HCPLive Network

One 12-Ounce Sweetened Drink a Day Spikes Risk of Diabetes

THURSDAY, April 25 (HealthDay News) -- Consumption of sweetened soft drinks correlates with the incidence of type 2 diabetes in European adults, with one 12-ounce daily increase in sweetened soft drinks correlating with a 22 percent increase in risk of the disease, according to a study published online April 25 in Diabetologia.

Dora Romaguera, PhD, from Imperial College London, and colleagues from the InterAct Consortium examined the correlation between sweet beverages and type 2 diabetes in a case-control study involving 11,684 incident cases of type 2 diabetes and a sub-cohort of 15,374 participants from eight European cohorts in the European Prospective Investigation into Cancer and Nutrition study.

The researchers found that one 12-ounce daily increase in sugar-sweetened and artificially sweetened soft drink consumption correlated with hazard ratios of 1.22 and 1.52, respectively, for type 2 diabetes, in adjusted models. The correlation of sugar-sweetened soft drinks with type 2 diabetes persisted after adjustment for energy intake and body mass index (hazard ratio, 1.18), but the correlation of artificially sweetened soft drinks was no longer significant. There was no correlation between juice and nectar consumption with the incidence of type 2 diabetes.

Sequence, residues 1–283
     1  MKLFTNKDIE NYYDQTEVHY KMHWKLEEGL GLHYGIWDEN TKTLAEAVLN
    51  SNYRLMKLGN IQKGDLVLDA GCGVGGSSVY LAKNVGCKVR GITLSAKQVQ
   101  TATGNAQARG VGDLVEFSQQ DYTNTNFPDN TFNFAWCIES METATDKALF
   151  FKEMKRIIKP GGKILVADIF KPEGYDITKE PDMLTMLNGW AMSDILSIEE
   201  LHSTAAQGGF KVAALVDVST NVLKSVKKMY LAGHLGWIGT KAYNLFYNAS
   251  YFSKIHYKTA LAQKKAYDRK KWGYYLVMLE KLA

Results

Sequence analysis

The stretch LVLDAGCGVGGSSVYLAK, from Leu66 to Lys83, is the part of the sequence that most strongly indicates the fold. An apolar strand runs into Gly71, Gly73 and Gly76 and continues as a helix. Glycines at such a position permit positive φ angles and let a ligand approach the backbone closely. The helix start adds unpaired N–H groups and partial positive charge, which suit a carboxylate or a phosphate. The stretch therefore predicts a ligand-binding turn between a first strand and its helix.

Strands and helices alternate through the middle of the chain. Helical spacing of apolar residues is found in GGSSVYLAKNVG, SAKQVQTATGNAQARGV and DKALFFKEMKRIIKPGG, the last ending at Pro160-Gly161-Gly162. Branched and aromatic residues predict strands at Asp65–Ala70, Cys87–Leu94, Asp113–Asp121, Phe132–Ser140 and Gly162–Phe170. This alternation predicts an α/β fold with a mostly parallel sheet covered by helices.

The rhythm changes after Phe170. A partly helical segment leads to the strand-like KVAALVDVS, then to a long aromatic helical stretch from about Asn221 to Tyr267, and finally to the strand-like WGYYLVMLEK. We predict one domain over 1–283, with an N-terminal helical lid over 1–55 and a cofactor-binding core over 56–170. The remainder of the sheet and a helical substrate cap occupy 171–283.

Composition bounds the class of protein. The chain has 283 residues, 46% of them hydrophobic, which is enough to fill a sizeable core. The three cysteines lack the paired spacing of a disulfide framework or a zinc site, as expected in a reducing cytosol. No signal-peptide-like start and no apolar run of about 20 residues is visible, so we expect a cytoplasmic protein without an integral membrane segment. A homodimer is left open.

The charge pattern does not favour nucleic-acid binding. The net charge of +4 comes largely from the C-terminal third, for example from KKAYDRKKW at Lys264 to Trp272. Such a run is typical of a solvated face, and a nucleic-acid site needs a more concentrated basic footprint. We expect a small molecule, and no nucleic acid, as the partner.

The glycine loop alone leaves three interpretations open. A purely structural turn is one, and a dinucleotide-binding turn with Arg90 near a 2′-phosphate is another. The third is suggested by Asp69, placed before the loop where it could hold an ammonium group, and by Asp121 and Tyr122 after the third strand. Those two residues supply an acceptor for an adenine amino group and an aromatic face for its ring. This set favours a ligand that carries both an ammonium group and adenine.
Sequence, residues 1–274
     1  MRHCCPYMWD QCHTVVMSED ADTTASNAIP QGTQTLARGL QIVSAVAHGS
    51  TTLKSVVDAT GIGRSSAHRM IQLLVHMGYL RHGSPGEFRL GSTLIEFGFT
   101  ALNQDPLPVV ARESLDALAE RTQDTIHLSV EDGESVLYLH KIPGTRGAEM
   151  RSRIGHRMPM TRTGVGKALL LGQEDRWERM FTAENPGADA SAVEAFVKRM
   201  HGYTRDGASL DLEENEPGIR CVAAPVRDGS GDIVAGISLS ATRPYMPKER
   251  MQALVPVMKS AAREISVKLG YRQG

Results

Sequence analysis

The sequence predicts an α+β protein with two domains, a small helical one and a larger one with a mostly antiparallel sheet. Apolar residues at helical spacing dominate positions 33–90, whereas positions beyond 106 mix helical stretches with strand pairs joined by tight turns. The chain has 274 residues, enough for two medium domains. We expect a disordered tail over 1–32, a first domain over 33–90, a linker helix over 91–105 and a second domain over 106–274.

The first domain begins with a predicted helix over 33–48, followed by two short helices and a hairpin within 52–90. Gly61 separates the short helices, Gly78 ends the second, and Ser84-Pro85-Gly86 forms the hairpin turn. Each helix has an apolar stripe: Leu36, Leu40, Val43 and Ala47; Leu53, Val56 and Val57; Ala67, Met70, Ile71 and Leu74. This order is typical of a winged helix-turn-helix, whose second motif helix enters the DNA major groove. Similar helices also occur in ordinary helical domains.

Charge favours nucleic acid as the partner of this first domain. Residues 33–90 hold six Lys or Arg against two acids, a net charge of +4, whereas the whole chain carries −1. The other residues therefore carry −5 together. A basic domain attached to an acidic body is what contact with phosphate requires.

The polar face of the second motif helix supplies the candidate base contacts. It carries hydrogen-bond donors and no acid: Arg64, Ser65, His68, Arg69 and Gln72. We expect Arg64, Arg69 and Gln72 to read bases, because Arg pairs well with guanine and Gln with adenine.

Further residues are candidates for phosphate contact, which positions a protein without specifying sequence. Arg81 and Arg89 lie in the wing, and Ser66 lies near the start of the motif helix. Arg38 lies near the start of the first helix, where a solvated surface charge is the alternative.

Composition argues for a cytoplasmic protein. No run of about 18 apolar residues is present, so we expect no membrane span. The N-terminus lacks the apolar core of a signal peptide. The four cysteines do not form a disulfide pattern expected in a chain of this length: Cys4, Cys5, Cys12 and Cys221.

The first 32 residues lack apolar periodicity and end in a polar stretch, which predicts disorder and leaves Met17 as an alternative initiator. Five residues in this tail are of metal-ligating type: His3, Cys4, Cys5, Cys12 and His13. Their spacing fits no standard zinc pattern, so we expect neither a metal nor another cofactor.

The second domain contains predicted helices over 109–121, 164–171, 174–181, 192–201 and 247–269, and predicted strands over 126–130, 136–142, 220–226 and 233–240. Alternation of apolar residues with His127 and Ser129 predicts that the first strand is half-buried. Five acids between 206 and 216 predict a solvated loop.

"This study corroborates the association between increased incidence of type 2 diabetes and high consumption of sugar-sweetened soft drinks in European adults," the authors write.

Abstract
Full Text (subscription or payment may be required)

Copyright © 2013 HealthDay. All rights reserved.
Further Reading
A defined process is necessary to help physicians hire the right staff for their practice, according to an article published July 24 in Medical Economics.
A defined process is necessary to help physicians hire the right staff for their practice, according to an article published July 24 in Medical Economics.
When it was approved by the FDA in March 2014, apremilast became the first oral medication approved for the treatment of psoriatic arthritis (PsA). Data from clinical trials showed it to be an effective option for patients, with a safer side effect profile than currently used PsA treatments.
Although patients are expressing more of an interest in accessing their health information online, just a third of patients have access to patient portals, and the rest either don't have access or are not sure if they do.
As more pediatric surgical procedures being conducted as same-day procedures, parents are assuming responsibility for their children’s immediate post-operative pain management.
Between developing its own pipeline of therapies for patients with hepatitis C and acquiring another company known for its work in this field, it looks like Merck is taking steps to be a larger player in HCV market.
While neonatal vitamin K refusal is rare, parents who refuse vitamin K are less likely to immunize their child, according to a study published online Aug. 18 in Pediatrics.
More Reading